In 2023, good governance in the energy sector has become more crucial than ever in light of the UK Government’s recently unveiled plans to ensure the country meets its commitment to ‘net-zero’ emissions by 2050. Chris Mayfield, Head of Business Development for Corporate Services, EMEA discusses why energy companies must take steps to mitigate their risks and operate under a good governance framework to remain competitive and sustainable in the long term.
What is Powering up Britain and how does it affect corporate governance?
Powering up Britain is the Department for Energy Security and Net Zero delivery plan which details the UK Government’s strategy to achieve energy security, economic opportunities, and net zero commitments.
Powering up Britain is not the first government paper to be released on the topic of sustainable energy and for many years now, energy companies worldwide have been painted as both the villains and the potential heroes in the climate change story. But Governments are not the only ones putting the energy sector under the microscope. In recent years we have seen the emergence of a more environmental, social and governance (ESG) focused investor and a more ethically conscious consumer – both of which want to be part of the climate solution rather than financing ‘non-ESG’ energy initiatives.
The challenge for energy companies ironically, however, is that you can’t just flick a switch to become a ‘greener than green’ company with perfect ESG credentials. The energy transition involves enormous amounts of planning, development, and investment, and that takes time. It’s a message for many investors and consumers, which is difficult to come to terms with - leaving some energy companies being painted in an unfairly bad light.
In the interim however, there are proactive measures that an energy company can take in other areas to ensure good corporate citizenship - helping to keep governments, regulators, investors, and consumers on side.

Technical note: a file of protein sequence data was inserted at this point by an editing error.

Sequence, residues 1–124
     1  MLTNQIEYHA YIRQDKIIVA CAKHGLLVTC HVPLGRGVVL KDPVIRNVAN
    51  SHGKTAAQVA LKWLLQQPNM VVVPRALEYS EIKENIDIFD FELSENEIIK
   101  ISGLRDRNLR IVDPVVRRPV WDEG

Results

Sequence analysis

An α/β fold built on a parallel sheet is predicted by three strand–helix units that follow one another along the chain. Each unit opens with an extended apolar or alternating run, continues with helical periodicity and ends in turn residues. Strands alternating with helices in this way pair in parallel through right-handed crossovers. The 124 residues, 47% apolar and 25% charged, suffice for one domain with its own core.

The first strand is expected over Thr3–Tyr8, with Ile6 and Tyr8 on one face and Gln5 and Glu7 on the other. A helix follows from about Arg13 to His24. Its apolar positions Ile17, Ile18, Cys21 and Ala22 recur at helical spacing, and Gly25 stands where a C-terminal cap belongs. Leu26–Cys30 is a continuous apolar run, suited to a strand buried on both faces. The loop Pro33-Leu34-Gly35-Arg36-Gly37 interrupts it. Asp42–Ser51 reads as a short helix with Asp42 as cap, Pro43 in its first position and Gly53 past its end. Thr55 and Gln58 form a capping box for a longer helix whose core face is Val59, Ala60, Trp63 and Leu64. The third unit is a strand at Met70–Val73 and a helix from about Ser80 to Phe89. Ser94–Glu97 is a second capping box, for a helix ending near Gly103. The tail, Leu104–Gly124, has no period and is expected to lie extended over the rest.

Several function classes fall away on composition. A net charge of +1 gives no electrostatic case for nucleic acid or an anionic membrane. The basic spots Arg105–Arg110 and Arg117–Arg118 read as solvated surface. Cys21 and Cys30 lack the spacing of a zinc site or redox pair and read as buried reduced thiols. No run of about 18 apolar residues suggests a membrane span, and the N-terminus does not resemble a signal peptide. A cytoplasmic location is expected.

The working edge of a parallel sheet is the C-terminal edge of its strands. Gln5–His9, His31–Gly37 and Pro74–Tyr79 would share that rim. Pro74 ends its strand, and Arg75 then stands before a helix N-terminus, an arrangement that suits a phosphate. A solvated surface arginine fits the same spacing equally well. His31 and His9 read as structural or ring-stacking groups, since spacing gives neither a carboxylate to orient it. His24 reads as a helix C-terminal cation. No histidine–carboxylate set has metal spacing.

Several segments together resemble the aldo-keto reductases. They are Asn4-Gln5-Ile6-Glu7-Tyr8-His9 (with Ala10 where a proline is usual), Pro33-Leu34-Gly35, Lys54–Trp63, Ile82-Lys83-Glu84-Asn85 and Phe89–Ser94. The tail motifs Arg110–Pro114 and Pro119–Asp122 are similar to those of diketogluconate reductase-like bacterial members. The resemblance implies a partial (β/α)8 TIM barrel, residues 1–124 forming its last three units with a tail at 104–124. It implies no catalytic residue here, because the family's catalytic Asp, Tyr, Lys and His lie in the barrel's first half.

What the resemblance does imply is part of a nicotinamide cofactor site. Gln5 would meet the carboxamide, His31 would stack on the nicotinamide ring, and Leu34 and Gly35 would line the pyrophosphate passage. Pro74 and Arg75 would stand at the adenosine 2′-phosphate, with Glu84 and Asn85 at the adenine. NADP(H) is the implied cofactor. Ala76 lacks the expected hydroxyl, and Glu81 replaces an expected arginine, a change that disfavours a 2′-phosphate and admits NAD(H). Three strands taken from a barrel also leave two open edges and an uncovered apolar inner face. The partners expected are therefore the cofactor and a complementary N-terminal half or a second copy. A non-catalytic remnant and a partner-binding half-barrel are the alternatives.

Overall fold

What actions can energy companies take to achieve good governance?
Mitigate the risk of non-compliance across your international corporate structure.
Non-compliance increases the risks of penalties, fines, increased regulatory scrutiny and of course, negative press and public perception. Here are steps you can take to remain compliant:
- Establish a strong framework around global entity compliance; understand your reporting obligations in the countries where you have a presence and prepare the required information well in advance.
- Maintain a ‘lean’ corporate structure. Dormant entities can cost tens of thousands of pounds to maintain. Cut ‘dead wood’ from your structure to save money and reduce risk.
- Regularly review the substance requirements in countries where you do not have ‘boots on the ground’ and be prepared to adapt as the regulations change.
- Proactively ‘horizon scan’ the regulatory environment in the countries where you operate to ensure you are not caught out by changing legislation at the last minute. For some regulatory changes, it may make sense to redomicile your structures and this takes time.
- Do more than just scraping through to meet the minimum requirements. Adopt a ‘best-practice’ approach to statutory and regulatory compliance across your corporate structure.
Establish robust ESG policies:
- Develop clear and comprehensive policies that address ESG issues. These policies should be regularly reviewed and updated to ensure they remain relevant.
- Engage with stakeholders, including employees, investors, customers, and local communities, to understand their concerns and address any issues that arise.
- Improve transparency to provide regular and balanced reporting on your ESG performance, including progress towards meeting sustainability targets and any incidents or breaches that occur.
In summary, energy companies need to take a proactive approach to governance if they are to remain competitive and sustainable in the long term. By demonstrating a strong commitment to compliance and reporting regulations, companies can build trust with stakeholders, avoid potential reputation damage under the microscope of world’s media and attract investment and consumers.
How can Ocorian support the energy sector in achieving good governance?
Ocorian works with over 8,000 clients globally providing entity administration and substance services.
By working closely with local regulators in the regions we service, we can help our clients understand how local regulations are interpreted and prepare for new legislation coming down the line.
In doing so, we help our clients prepare for the risks of tomorrow as well as ensuring their corporate and investment structures are in good standing today. We minimise the risk of non-compliance, avoid fines and protect from the risk of reputational damage.
For more information on how Ocorian can support your company in managing the ever-evolving landscape of compliance and reporting obligations, reach out directly to the team.